According to AdAge, Foursquare is working on user pages which will trump profile pages in that they’ll be open to the public. Currently, when a user posts a tip on a venue, only his friends see that tip. If he’s a popular fellow, he may have a large number of friend requests, which, if he accepts them, turns his personal account into an open book for the world to see.
The new feature will give people the option of “following” instead of “friending” these new user pages. In other words, they’ll work just like fan pages on Facebook. Imagine that. These new pages will allow users to “check-in” without actually being at a location so they can leave tips and ratings. AdAge says the page creation experience has been simplified and no longer requires Foursquare approval.
There are a few rules. You can’t convert an old page and you must put a required amount of content on the page to start. In this way, Foursquare is assuring an influx of useful pages, not just a pile of test cases and spam. There’s no word on if these pages will have to be updated on a regular basis.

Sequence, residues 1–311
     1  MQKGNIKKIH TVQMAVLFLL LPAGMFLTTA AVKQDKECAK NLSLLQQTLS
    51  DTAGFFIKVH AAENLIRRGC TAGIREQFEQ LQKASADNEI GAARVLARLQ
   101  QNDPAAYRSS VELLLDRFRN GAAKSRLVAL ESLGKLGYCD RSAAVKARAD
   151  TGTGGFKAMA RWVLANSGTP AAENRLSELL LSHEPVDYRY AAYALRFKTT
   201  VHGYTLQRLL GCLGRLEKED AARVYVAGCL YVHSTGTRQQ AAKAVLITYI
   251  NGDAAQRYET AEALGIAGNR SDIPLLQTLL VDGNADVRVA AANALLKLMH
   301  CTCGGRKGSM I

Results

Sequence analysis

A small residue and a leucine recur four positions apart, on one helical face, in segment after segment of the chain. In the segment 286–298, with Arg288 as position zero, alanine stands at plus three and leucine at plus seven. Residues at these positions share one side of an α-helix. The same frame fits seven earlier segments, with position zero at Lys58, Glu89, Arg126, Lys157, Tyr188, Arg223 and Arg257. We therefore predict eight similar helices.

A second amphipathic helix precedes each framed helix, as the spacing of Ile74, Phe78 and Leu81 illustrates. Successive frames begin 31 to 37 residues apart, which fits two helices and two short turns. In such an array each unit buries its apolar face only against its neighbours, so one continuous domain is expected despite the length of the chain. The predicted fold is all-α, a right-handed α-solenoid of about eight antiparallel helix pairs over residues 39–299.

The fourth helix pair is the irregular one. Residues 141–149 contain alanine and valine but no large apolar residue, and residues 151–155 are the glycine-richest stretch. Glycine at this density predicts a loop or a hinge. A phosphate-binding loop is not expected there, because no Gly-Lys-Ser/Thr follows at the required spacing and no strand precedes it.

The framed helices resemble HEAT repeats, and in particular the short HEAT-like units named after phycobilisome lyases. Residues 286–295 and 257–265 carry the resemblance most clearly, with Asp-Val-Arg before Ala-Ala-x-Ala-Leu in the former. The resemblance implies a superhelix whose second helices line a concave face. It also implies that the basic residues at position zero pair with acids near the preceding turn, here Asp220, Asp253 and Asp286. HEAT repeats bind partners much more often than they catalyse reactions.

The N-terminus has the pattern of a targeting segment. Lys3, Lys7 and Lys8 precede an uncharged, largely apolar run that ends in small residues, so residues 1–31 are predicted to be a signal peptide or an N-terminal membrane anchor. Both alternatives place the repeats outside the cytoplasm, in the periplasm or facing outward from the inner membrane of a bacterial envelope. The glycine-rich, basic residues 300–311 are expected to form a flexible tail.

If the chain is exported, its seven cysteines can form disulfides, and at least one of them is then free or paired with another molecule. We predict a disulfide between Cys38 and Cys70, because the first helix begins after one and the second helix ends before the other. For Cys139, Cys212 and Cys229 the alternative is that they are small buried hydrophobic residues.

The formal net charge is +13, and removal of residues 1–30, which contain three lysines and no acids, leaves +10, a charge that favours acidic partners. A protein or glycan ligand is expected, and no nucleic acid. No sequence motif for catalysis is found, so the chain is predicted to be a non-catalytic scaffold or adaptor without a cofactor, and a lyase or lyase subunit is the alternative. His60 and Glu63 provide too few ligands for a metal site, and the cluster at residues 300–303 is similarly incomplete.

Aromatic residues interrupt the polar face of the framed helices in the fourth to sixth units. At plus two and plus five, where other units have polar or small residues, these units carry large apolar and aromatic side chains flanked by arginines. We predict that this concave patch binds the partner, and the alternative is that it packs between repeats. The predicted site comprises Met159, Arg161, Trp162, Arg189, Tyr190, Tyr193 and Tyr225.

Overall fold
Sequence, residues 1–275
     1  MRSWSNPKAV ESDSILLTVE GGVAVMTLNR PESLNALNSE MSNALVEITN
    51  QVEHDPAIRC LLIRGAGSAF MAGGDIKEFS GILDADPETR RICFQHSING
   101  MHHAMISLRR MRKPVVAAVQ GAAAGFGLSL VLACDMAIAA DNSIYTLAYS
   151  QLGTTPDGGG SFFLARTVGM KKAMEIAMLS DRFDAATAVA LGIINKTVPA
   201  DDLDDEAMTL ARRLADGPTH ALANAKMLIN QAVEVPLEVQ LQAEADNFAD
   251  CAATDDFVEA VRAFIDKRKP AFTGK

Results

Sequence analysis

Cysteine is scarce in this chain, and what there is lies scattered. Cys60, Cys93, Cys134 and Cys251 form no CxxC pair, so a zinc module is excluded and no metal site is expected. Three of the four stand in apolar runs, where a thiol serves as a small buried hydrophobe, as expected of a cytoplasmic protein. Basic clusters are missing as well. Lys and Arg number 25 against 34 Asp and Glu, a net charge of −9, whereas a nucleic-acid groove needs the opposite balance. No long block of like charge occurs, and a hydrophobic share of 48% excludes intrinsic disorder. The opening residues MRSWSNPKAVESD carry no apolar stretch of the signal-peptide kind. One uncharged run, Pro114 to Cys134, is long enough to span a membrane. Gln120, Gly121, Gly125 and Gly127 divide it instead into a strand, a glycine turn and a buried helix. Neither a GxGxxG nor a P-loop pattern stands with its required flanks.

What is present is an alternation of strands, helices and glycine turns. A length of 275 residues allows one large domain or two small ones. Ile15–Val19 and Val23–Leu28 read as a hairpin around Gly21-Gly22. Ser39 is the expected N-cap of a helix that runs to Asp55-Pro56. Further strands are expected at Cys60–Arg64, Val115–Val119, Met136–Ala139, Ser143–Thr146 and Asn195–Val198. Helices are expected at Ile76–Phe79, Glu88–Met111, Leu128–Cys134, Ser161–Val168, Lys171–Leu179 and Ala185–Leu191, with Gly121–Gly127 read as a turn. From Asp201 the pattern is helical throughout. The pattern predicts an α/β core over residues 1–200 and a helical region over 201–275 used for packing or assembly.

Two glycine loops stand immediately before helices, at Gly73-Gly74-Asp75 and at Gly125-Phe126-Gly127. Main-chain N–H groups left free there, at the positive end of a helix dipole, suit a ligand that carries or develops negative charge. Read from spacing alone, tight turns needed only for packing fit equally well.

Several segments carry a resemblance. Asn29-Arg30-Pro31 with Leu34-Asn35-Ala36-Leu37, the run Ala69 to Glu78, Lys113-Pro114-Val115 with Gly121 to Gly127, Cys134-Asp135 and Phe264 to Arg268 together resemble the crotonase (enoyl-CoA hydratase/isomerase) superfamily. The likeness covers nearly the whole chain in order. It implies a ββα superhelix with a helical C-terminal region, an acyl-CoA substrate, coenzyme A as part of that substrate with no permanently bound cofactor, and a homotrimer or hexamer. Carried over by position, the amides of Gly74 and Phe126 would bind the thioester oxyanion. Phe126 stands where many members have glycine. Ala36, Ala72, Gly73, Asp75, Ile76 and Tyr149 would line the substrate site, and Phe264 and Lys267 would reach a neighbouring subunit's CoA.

Going hand and hand with this report, is a piece on Adweek that says Foursquare will soon be charging merchants to use the service.
“The [merchant] tools allow you to claim your venue and start running specials and see the dashboard. That’s all free right now, but it’s obviously very valuable data. So in the future when it’s a little more robust we see the potential to monetize that.”
Sounds like Foursquare is getting serious and you can’t begrudge them a paycheck for what they do, right? Still, marketers have gotten so used to the concept of free space on social media, it’s hard to imagine them forking over the dollars in order to keep what they currently have.
As for the follow pages, that’s a smart move that should help Foursquare get a few more followers themselves.